Reading in Public – “Winter’s Tale” (part 3, chapter 2 – “Peter Lake Returns”)

Reading in Public – “Winter’s Tale” (part 3, chapter 2 – “Peter Lake Returns”)

The action of part 3 picks up, naturally in the midst of a brutal – yet beautiful – winter.  It’s the first such winter after “several” years without any real, proper winters.  (Helprin is playing loosely with time here, but, given what he told us in the previous chapter, that’s hardly a surprise).  But for pedantry’s sake: Virginia arrived in Manhattan at the end of 1994 (we can be relatively certain of this because Hardesty arrives at Mrs. Gamely’s home during the second brutal Coheeries winter in a row, and he doesn’t end up there until a few months after September of 1995),  So by “several years” Helprin can’t mean more than two, because we’re in 1998 now).

We step back into the plot aboard the Staten Island Ferry.  The boat is stuck in the ice of the harbor and returning to Manhattan, when a passenger spots something fall from the sky with a bright streak of light.  He points out where he saw it land, and, sure enough, someone is out there.  A wounded man, with sword cuts all over his body, and, he thinks, possibly bullet wounds, too.  But he doesn’t know who he is, who might have given him the wounds, or how he ended up in the harbor (Helprin doesn’t play with the reader, though – he tells us that this is Peter Lake right from he start).

Peter doesn’t recognize himself in the mirror, and passes out just as he’s brought to a waiting ambulance when the ferry docks.  He wakes up sometime later, handcuffed to a bed in St. Vincent’s Hospital (the same hospital Hardesty makes a note of when he walks past it a couple of chapters ago).  He can’t understand what’s going on – he doesn’t recognize plastic, or the computer monitors showing his vital signs, and when one of the doctors mentions identifying him via fingerprints, he has no idea what those are.  He’s sedated after he mouths off at the doctor, and doesn’t wake again for five days.  When he does, he’s no longer chained to the bed, and he finds a strange young woman at his bedside.  He assumes she’s a teenager, probably from another ward of the hospital (due to the “slingshot” in her pocket that he doesn’t recognize as a stethoscope; and also due to the fact that, being used to the world of 1915, he has no idea that women can be doctors).

After a confused, but pleasant, conversation, she sedates him again.  When he awakes the next time – much sooner than she expects, and almost completely healed, although that ought to be impossible – he realizes that she truly is a doctor.  He also takes note of the monitors and how their lights and beeping correspond to his activity.  He begins to form an idea, that it is no longer 1915.  He impresses the doctor by his healing, and also by his knowing what time it is despite not having a clock nearby.  He can tell by the sound of the police horses – it’s a shift change, and knowing how far the hospital is from the stables.  And the doctor confirms he’s correct.  But he throws her for a loop when he asks about the El.  She has no idea what he’s talking about.  He explains – elevated trains.  But there aren’t any.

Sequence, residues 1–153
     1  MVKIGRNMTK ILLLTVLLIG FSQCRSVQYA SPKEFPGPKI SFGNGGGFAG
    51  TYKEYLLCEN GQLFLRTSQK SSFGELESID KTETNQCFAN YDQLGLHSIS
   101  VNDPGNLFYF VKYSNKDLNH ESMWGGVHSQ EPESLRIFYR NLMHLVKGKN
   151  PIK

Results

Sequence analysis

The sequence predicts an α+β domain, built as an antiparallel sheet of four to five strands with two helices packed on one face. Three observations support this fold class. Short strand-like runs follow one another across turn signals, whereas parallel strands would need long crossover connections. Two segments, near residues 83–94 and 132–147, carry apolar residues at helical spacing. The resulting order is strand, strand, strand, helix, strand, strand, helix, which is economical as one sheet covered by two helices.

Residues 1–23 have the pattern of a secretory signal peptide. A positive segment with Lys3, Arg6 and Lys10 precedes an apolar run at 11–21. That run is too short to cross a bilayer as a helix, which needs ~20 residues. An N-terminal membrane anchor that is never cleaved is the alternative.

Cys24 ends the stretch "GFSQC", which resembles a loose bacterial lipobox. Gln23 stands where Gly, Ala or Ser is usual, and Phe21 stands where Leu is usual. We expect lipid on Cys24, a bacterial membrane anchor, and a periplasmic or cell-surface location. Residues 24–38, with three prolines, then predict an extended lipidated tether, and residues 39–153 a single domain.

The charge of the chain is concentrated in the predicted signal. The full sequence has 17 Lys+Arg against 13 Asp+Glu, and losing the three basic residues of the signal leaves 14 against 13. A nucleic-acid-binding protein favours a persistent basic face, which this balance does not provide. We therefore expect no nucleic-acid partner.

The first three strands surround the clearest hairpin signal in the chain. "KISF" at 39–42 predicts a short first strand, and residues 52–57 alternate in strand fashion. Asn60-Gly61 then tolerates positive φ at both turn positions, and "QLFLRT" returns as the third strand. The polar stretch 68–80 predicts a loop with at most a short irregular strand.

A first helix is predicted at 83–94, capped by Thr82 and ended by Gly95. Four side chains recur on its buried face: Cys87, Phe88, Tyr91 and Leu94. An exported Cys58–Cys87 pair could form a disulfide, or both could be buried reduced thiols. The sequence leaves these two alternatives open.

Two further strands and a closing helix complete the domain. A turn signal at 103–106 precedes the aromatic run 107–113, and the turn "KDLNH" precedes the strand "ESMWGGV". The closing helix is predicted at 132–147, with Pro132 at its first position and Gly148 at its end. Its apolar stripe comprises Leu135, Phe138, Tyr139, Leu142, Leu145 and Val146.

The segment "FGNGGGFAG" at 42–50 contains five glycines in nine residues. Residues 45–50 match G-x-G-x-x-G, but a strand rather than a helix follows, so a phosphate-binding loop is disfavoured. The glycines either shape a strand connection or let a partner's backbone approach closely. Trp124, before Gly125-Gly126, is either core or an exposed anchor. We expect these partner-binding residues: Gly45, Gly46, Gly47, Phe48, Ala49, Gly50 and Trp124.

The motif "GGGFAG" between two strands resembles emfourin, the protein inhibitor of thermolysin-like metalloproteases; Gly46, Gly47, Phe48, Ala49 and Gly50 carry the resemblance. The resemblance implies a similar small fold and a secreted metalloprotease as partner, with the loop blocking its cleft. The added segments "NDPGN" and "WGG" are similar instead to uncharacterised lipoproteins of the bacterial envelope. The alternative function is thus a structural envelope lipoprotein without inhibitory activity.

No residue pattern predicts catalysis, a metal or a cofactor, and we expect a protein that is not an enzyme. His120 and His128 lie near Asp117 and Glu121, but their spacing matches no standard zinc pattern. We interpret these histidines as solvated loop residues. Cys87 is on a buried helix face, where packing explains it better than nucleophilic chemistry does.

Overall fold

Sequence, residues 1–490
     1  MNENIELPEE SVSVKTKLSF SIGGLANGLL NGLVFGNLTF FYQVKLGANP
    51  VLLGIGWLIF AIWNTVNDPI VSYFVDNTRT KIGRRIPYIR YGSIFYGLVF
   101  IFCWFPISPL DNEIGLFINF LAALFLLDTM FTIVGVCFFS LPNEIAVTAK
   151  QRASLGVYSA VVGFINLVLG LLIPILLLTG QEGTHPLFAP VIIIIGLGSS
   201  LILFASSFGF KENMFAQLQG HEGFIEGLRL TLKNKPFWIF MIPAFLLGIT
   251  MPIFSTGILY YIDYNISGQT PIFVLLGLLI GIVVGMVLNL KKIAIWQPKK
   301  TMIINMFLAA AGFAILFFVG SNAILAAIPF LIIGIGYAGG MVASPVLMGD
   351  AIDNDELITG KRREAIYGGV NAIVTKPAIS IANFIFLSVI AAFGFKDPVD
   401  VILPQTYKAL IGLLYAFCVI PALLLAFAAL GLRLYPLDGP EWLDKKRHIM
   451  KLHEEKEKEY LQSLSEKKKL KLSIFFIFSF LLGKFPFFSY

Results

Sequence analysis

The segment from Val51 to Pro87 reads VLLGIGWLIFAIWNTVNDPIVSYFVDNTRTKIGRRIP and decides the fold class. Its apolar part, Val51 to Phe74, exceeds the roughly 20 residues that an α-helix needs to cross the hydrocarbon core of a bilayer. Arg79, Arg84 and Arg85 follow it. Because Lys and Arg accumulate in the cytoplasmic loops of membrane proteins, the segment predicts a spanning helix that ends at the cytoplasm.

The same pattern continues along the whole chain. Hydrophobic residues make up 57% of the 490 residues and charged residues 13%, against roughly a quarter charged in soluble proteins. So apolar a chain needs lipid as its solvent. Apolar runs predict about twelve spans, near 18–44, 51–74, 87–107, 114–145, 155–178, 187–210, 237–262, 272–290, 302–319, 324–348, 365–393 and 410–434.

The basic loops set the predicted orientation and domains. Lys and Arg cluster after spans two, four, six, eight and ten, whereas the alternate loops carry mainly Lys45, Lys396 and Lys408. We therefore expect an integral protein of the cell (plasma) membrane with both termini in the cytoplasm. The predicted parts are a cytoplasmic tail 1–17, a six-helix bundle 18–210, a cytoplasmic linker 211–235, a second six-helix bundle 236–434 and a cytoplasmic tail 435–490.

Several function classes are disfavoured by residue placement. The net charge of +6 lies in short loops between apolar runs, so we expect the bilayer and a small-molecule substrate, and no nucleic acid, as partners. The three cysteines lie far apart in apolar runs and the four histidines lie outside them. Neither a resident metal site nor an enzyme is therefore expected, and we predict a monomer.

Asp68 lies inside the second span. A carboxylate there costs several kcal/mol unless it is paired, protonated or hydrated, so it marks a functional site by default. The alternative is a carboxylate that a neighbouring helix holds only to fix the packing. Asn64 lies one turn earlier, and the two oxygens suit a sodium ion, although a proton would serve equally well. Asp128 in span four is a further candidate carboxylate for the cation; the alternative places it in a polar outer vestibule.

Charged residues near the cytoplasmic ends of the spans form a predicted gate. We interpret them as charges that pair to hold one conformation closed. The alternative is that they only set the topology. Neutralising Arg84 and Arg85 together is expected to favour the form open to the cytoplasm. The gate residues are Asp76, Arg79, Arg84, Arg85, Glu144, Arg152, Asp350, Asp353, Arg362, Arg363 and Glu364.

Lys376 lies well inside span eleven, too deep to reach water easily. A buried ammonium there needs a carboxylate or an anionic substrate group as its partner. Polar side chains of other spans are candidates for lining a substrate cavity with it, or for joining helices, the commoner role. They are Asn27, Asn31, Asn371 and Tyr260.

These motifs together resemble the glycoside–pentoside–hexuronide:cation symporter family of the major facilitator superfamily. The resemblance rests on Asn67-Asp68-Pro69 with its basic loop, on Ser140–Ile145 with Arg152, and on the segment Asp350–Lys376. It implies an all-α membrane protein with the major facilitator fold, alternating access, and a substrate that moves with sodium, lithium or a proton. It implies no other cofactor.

“Oh, maybe in the Bronx, or Brooklyn somewhere.  But not in downtown Manhattan.”

Certainly not in 1998.  Peter convinces her to let him see for himself.  She unhooks his IV, and, when he asks, tells him what year it is.  Then she leads him to the roof.

“If this is a joke, I’ll kill you,” she said, wondering how she could believe what she believed and think what she had thought.

Peter visualizes what he knows ought to be out there when the door opens.  But he knows it’s not so.

“It’s funny,” Peter Lake stated.  “I don’t think that this notion I have could be so, but I’m afraid to open the door.”

“Just push it,” she said.

He did.

And we end on that.  We know what Peter will see, but I love the way Helprin leaves us just at that moment without going farther.  It’s a perfect ending to the chapter.

And now we’ve got both Peter and Athansor in the modern world, ready to take their places alongside Virginia and Hardesty and everyone else we met in part 2.  We also know for certain now (as with Athansor) that the transition from 1915 to the end of the 20th century was instantaneous; they both return with all the wounds they suffered in the fight against Pearly on the Brooklyn Bridge still fresh.

The one criticism I have of this chapter is that Peter’s doctor is a one-shot character.  We don’t get a name for her, and we won’t see her again in the book, which is a shame.  She’s a great character, and I’d personally like to know a lot more about her.  And I think she could easily have played some sort of role in the events that will come.

But we’ll have to leave her behind, and pick up the story of Hardesty and Virginia in the next chapter…

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3 Replies to “Reading in Public – “Winter’s Tale” (part 3, chapter 2 – “Peter Lake Returns”)”

  1. I’m with you on being at least slightly disappointed that the woman doctor won’t be heard from subsequently. This was a very enjoyable chapter for me because it seemed to read a lot quicker than the previous ones. My hypothesis for that is that this is one of the first chapters where we, the readers, are familiar with the setting (at least relatively so) and it’s the character, Peter Lake, who has to be brought up to speed with his surroundings. Prior to this it’s been a historical scene and/or an at least partially imaginary one.

    1. That’s a great point. There’s been a ton of stage-setting and worldbuilding, and now Helprin can start really hitting the accelerator on the plot.

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